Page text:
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Jerry Yellin, Who Flew The Last Combat Mission Of World War II, Dies At 93

(JTA) — Jerry Yellin, who flew the last combat mission of World War II and later helped fellow veterans overcome their trauma, has died.

Yellin died Thursday in Florida at the home of one of his four sons after battling lung cancer. He was 93.

Yellin, a lieutenant in the U.S. in the 78th Fighter Squadron of the Army Air Forces, was leading an attack on Japanese airfields on Aug. 15, 1945 when Emperor Hirohito announced Japan’s surrender. When he returned to his base on Iwo Jima, Yellin learned that a cease-fire had taken hold, and that his squadron had not received the coded signal informing them to halt their attack, the last of the war.

Yellin’s wingman, Lt. Philip Schlamberg, 19, of Brooklyn, who Yellin had mentored, was shot down during that last raid, after having a premonition that he would not come out of the mission alive.

For years after his discharge, suffering from what is now known to be post-traumatic stress disorder, Yellin struggled to stay employed and moved many times in the United States and relocated for a time to Israel, partly in protest of the Vietnam War, according to the Stars and Stripes.

He received some relief through Transcendental Meditation, which his wife urged him to try after she saw the practice’s originator, Maharishi Mahesh Yogi, on “The Merv Griffin Show.”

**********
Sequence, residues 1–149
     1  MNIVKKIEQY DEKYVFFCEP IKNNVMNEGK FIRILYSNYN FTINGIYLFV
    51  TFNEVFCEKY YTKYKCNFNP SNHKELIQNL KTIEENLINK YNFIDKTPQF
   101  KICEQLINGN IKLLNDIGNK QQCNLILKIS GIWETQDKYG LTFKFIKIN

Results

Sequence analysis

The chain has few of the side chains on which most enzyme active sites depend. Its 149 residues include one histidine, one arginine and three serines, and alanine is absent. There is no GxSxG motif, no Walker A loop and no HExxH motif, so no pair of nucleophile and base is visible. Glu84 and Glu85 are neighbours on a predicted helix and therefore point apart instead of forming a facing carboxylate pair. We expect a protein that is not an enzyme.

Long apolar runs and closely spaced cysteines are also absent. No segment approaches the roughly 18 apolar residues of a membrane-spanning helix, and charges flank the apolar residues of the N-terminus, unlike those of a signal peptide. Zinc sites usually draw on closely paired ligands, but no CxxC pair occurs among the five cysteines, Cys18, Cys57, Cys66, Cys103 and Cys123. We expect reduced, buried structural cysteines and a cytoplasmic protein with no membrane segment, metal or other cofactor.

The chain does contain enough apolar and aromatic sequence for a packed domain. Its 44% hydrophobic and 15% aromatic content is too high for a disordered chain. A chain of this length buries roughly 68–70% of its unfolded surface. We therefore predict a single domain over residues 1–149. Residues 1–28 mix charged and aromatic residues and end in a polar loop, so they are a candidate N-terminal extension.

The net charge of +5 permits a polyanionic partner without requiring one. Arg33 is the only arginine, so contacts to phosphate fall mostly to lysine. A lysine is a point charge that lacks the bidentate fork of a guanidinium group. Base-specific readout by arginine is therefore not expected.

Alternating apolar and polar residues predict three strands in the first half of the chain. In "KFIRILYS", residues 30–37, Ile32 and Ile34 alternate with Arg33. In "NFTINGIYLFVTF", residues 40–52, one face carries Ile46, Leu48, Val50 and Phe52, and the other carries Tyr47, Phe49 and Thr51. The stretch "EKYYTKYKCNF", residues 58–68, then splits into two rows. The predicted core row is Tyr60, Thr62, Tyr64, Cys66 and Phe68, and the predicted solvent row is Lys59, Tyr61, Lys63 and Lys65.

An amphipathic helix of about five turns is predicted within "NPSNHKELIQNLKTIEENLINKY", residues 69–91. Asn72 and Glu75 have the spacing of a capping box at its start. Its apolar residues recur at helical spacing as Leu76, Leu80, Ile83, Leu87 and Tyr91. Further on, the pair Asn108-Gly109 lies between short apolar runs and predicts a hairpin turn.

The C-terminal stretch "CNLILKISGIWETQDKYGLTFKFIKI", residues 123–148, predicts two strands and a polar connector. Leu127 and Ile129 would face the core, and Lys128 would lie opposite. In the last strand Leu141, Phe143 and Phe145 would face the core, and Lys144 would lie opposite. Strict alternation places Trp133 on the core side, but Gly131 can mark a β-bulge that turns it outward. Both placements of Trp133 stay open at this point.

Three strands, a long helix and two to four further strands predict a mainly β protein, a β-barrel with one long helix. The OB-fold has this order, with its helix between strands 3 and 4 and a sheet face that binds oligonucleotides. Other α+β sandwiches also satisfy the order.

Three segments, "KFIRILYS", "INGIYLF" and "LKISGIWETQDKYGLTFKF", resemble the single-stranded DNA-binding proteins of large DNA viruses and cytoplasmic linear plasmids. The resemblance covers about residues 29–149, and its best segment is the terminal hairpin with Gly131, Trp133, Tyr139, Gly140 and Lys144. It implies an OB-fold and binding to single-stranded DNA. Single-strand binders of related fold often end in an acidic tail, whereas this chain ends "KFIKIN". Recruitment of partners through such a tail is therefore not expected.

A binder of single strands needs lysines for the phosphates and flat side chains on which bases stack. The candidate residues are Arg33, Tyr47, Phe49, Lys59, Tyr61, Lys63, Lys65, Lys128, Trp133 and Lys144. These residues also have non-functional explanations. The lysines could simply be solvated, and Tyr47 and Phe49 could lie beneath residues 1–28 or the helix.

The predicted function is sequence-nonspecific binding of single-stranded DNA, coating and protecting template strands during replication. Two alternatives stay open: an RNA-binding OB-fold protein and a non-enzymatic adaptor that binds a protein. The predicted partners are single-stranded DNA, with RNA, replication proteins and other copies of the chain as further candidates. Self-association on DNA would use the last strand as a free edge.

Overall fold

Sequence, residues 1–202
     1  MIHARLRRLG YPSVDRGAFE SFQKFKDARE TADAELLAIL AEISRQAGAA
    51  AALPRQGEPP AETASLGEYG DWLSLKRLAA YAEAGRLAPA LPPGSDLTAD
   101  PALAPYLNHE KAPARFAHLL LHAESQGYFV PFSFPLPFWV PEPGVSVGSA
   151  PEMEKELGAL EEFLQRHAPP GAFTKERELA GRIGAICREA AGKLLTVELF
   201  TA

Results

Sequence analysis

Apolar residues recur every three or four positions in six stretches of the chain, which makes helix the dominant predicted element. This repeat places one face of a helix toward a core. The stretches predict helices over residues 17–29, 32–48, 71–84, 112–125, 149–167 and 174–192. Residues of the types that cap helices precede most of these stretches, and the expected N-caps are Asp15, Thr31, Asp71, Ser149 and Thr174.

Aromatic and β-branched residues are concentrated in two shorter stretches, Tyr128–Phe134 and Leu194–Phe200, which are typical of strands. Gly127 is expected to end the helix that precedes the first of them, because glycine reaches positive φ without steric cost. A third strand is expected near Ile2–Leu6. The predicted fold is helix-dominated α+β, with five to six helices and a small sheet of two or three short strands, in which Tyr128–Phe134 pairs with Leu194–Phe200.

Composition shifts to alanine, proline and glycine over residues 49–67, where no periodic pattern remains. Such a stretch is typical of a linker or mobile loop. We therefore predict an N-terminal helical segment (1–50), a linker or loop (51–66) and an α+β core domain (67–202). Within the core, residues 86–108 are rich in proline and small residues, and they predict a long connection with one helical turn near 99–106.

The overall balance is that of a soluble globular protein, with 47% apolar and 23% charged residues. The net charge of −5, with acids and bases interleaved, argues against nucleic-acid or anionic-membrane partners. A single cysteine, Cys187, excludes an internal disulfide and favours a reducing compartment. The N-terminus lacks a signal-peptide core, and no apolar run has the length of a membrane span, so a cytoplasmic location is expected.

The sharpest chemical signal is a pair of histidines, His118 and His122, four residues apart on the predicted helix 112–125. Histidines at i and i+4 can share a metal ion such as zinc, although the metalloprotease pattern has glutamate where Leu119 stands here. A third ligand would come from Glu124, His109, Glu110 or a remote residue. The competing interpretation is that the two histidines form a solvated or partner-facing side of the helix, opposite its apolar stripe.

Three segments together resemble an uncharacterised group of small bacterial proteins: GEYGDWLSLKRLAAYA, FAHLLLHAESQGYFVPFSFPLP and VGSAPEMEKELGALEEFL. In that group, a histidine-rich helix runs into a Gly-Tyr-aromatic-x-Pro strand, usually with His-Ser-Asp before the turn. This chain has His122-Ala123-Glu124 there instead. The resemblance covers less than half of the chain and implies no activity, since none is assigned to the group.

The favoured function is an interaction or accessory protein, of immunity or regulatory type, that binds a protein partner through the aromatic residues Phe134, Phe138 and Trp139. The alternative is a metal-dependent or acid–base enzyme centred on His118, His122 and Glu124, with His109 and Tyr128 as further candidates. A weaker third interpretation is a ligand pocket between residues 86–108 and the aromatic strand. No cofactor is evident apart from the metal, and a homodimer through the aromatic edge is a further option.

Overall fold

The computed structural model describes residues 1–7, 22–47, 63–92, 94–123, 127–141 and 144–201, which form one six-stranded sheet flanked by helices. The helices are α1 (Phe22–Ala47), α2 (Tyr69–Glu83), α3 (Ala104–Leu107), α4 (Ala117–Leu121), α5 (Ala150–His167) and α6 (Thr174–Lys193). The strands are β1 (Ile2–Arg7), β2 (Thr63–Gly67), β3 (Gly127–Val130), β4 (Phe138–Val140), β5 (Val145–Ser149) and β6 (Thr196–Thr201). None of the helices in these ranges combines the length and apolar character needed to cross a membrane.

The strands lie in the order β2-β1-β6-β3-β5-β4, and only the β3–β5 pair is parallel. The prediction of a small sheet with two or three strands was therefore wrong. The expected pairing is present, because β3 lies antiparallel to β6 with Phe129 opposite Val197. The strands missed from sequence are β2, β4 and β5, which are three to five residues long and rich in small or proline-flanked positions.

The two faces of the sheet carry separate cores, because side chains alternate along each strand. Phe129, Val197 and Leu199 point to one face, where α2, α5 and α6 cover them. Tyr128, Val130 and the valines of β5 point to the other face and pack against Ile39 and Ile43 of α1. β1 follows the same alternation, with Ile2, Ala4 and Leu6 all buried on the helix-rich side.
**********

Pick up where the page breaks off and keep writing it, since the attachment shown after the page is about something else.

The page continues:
Yellin spoke to other veterans who struggled to adapt to civilian life, and in 2010 he co-founded Operation Warrior Wellness, a division of the David Lynch Foundation that helps veterans learn Transcendental Meditation. Yellin received support in promotional videos by actress Scarlett Johansson, a grandniece of Schlamberg.

Yellin’s son moved to Japan after college and married a Japanese woman whose father had trained as a kamikaze pilot and worked at an airfield during World War II. The fathers bonded over discussing their flying strategies and experiences during the war with the help of a translator, and became life-long friends, according to Stars and Stripes.


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